creativity
Now LIVE: our new issue, "Birth, School, Work, Death."

Now LIVE: our new issue, “Birth, School, Work, Death.”

We present our Summer/Fall 2019 issue–“Birth, School, Work, Death” … Four phases of life, with the beauty in the details. If you wish, you can go to the Table of Contents and Contributors’ Notes on Medium here: Contents. The format on Medium is slightly different. Here’s what you’ll find in this issue … All section...
"The Archaeology of Desire": a portfolio by Gale Rothstein.

“The Archaeology of Desire”: a portfolio by Gale Rothstein.

“Where are we? Who is here with us? How big or small are we? Are we awake or dreaming?” This feature is also available, in slightly different format, on Medium. – – Editors’ Note Gale Rothstein’s work embraces dualisms in a conflicted environment: impermanence and reinvention, loss and hope. She unearths, cuts apart, and reassembles...
Contributor News: Harry Kollatz, Jr., publishes a novel.

Contributor News: Harry Kollatz, Jr., publishes a novel.

Harry Kollatz, Jr., who wrote about our former office’s very own block of Broad Street in Richmond, Virginia, has now published his first novel: Carlisle Montgomery. Carlisle is “six-foot-five, redheaded, pigtailed, gap-and-buck-toothed, nine-fingered, guitar-playing,” and thoroughly beguiling as she launches a musical career in the 1990s, somewhere between grunge and Garth Brooks. She is brought to...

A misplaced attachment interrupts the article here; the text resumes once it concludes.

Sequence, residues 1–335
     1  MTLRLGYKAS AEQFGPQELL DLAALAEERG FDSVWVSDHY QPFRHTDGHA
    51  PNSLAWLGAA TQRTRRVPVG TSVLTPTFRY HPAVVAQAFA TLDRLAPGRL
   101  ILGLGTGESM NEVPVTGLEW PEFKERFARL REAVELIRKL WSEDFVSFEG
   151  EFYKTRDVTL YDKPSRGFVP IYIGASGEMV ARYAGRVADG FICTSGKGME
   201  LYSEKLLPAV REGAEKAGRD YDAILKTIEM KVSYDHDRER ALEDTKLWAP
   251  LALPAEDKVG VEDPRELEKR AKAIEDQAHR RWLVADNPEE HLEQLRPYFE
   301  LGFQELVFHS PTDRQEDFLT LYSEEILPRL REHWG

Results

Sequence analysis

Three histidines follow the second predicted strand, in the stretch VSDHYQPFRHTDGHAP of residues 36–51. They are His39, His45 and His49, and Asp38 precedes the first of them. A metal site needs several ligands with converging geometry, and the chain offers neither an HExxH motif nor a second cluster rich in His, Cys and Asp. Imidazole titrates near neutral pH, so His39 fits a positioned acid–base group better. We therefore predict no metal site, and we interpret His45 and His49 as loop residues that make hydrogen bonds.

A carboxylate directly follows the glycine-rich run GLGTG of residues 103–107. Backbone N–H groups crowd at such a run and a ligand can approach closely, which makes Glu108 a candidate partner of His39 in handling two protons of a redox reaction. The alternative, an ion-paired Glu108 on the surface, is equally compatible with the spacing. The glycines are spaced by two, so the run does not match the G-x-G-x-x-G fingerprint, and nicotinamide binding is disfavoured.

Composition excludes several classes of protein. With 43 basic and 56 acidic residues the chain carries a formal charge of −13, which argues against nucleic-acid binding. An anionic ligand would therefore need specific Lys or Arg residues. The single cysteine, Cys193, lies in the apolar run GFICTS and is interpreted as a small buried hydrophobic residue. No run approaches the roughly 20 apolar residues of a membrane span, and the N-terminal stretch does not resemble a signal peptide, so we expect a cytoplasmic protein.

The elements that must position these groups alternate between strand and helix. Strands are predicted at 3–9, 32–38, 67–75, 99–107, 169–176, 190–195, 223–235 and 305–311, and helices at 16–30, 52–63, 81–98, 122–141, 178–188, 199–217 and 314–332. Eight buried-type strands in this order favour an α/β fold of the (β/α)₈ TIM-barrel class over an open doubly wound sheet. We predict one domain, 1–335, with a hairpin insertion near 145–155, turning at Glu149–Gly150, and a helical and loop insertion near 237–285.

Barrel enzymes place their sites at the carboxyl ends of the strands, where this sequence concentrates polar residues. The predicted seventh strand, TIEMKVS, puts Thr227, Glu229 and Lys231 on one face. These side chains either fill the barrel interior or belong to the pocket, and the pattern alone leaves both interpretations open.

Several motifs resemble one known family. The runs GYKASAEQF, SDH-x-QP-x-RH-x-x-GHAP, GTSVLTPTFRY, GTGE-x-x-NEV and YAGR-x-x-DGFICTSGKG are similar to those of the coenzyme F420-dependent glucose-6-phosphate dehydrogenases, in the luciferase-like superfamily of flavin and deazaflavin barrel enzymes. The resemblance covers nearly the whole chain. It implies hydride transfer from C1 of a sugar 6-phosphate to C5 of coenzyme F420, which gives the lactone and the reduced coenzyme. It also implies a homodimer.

"Ghosts of the Walldogs":  What fading advertisements tell us about ourselves.  An essay by Michael Griffith.

“Ghosts of the Walldogs”: What fading advertisements tell us about ourselves. An essay by Michael Griffith.

” The public square could be a riotous free-for-all for those with businesses, events, or ideas to publicize …” A ghost to be identified below. Ghosts of the Walldogs What fading advertisements tell us about ourselves. From our Winter 2019 issue, “Rivals & Players.” By Michael Griffith * These days, when advertisers talk about competing for eyeballs in “the...
From Our Pages: “To Fill a Room with ‘Nobody’” — Sara Talpos puts Emily Dickinson and mitochondria under the microscope.

From Our Pages: “To Fill a Room with ‘Nobody’” — Sara Talpos puts Emily Dickinson and mitochondria under the microscope.

“To Fill a Room with ‘Nobody’” Emily Dickinson and mitochondria go under the microscope in this Pushcart-nominated essay from our “Small Things, Partial Cures” issue of 2018.  “Mitochondria, the tiny products of endosymbiosis, made it possible for Emily Dickinson to write over 1,700 poems and for Charles Darwin to climb 4,000 feet into the Andean...